So this week, I wanted to introduce something kind of new to the blog. Normally, my posts have consisted of places I’ve visited recently, so far just over this past summer. But something kind of hit me while I zoned out the other day, staring at my mom’s “souvenir closet” in the corner of the living room. Inside, my parents have filled an old glass-paneled wooden cabinet with various trinkets, big and small, from the places we’ve gone as a family, and things I’ve brought back from all my trips.
The first one I decided to include in this little throwback is this kitschy little plastic Eiffel Tower keychain that *DISCLAIMER* I did not actually buy. I’ve never been one to buy a ton of crap when I go away. This is mostly because I usually have no room in my suitcase, but I also always prioritize things like food, nightlife, and excursions over bringing physical things home.
(Take only photos, leave only footprints, amirite???)
That being said, I do try and come home with one little thing (especially if it’s for my parents or sister) that will remind me of everywhere I’ve been. One thing I love about holding something tangible like that in your hand, is that it will always take you back to where you got it, who you were with, and what your adventure was like, creating its own unique snapshot of that experience that will never leave you.
This origins of this little Eiffel Tower began, coincidentally, at the end of my time living in Paris. For five weeks, from the end of September to early November I ate more stinky cheese and croissants than I thought humanly possible, saw more art than I’d ever seen in my first 20 years combined, and nearly ran out of money.
I got to see so much of this incredible city and still only barely scratched the surface. Because we were part of a study abroad program, we had 1-2 excursions weekly with teachers and other program directors to places around Paris. I was so bummed that I had to miss the last one to Père Lachaise Cemetery (although I can’t for the life of me remember why), so I decided, just two days before we were to leave Paris, I’d set off and explore the star of the 20th Arrondissement on my own.
So, like, I don’t have to tell you that walking through a graveyard by yourself is creepy.
Halfway through, I think I even put my headphones in because I was really spooked. Besides that, it was really awesome, and definitely a much different activity than just following a Google map to the monuments around Paris. I was holding a paper map written in French, trying to follow the winding paths to find some of the famous tombs - among them were Oscar Wilde, Edith Piaf, Gertrude Stein, Modigliani, Chopin, Jim Morrison and lots of others. I could only find Jim. :(
While I wasn’t successful in finding like anybody, the tombs I walked through where nonetheless, haunting and gorgeous. Some were overgrown, cracked and warped by tree roots and weather over the years. It was in such direct juxtaposition with the spotless and elegant aesthetic of the rest of Paris. I think it was a grit that I really started to miss having been there for so long.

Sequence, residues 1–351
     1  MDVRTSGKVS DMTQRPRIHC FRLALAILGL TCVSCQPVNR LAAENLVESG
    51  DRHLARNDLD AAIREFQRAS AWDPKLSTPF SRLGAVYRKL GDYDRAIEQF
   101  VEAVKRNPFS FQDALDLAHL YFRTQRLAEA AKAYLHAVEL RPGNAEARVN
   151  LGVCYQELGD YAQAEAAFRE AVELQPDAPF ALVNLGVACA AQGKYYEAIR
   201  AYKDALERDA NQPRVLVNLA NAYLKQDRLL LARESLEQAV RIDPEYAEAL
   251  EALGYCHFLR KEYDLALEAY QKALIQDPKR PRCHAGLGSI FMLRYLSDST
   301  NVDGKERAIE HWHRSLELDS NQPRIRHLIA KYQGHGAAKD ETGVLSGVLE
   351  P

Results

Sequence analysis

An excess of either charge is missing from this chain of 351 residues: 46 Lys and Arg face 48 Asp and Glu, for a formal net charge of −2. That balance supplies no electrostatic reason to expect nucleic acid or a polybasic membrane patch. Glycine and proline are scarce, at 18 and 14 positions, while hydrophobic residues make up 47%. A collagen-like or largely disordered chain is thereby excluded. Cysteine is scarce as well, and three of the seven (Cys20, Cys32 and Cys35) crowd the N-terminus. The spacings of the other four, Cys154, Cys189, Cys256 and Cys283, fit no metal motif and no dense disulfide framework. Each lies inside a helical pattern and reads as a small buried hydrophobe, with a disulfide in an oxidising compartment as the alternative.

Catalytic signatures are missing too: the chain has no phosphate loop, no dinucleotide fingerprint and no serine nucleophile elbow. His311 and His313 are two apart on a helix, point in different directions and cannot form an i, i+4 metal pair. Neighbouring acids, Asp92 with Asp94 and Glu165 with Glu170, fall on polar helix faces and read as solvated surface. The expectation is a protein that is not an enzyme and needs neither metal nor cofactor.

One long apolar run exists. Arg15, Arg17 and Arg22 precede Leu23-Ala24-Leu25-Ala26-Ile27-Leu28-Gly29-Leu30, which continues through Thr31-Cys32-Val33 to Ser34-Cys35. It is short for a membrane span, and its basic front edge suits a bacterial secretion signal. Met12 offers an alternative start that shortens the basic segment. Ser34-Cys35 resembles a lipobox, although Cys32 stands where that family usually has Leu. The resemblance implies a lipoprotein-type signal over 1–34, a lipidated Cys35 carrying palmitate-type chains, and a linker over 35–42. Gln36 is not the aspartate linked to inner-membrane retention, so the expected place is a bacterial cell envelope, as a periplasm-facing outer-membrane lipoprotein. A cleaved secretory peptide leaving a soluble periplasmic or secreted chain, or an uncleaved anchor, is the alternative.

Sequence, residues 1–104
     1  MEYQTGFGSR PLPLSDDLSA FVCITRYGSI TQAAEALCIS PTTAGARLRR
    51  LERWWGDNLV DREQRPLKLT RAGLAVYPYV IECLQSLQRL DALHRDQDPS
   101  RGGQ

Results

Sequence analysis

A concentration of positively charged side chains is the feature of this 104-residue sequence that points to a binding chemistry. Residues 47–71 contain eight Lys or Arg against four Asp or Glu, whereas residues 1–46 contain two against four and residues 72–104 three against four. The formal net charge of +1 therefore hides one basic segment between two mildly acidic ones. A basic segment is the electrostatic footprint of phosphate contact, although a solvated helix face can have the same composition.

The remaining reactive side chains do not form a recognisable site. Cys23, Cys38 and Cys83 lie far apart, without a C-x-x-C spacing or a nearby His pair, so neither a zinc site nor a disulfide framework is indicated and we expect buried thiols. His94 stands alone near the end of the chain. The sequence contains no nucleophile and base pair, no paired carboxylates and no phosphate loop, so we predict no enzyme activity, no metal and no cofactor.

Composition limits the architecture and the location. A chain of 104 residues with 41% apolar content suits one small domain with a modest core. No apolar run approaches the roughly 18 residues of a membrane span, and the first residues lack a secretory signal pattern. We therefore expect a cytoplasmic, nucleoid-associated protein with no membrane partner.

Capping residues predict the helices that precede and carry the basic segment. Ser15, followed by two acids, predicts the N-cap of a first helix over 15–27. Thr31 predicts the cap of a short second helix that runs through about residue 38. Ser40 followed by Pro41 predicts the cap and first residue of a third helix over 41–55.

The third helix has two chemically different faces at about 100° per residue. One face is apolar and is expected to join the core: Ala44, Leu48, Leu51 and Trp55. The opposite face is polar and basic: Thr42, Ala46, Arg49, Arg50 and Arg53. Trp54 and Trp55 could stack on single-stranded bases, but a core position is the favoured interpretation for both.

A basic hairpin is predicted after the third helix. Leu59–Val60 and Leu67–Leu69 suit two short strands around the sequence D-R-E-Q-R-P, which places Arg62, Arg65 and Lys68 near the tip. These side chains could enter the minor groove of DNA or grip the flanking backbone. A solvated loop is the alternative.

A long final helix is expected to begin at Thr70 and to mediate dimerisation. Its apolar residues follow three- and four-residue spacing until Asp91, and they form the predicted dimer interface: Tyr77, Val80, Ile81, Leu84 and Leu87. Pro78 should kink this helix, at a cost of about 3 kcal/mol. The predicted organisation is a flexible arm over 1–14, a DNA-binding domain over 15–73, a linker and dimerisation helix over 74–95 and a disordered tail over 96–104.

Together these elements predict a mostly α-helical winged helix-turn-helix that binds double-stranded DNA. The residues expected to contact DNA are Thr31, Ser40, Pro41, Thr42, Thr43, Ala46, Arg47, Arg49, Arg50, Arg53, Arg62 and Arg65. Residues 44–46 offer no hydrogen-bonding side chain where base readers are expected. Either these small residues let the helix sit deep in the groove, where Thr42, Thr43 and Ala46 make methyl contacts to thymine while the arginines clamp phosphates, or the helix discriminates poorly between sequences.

Somewhere along the way, before I actually made it to see Jim Morrison’s resting place, I found this little gold Eiffel Tower on the ground, presumably abandoned or lost by its previous owner. Besides a couple of Monet prints I picked up at Musée de l'Orangerie, I realized I hadn’t gotten my usual little trinket to bring home with me, so I figured it was meant to be.
I get a really interesting feeling when looking back on that day, because it was the definition of bittersweet. I had loved my time in Paris, but was more than ready to move onto our last stop in the program, which was Rome. I was upset that I didn’t get to explore some of the most popular places in Paris, like Montmartre or Marais, and that lots of my days were eaten up by afternoon classes and tons of work (that semester was a doozy). I was upset that, unlike Seville beforehand, I never settled in or got to feel at home in Paris. I imagine I felt the discouragement lots of transplants feel when they first move to New York.
My little Eiffel Tower is unique in that it doesn’t fill me with these enchanting “Midnight In Paris” kind of rosy-colored memories. That part of my study abroad was past the honeymoon stage, and I can look back on it as the times where I learned how not to travel, how not to spend my money, and how not to budget my time. I learned that some people aren’t meant to travel together, and that’s okay. I’ll forever be grateful for these lessons and will never ever take them for granted.
I absolutely fell in love with Paris while I was there, despite feeling like an outsider. Since then, I think I’ve gotten used to this feeling, embraced it even. It’s a necessary mindset I think everyone should (even HAS to) go through if they truly want to travel the world, uninhibited. Until then, I’ll just keep adding to my list all of the things I’ll do next time I’m lucky enough to visit the city of lights.
I hope you guys enjoyed my first “souvenir story” post! Please let me know if you liked it - I have a cabinet full of stuff that I’d love to keep writing about. If this was helpful and you liked my little feature, feel free to share it or pin it below!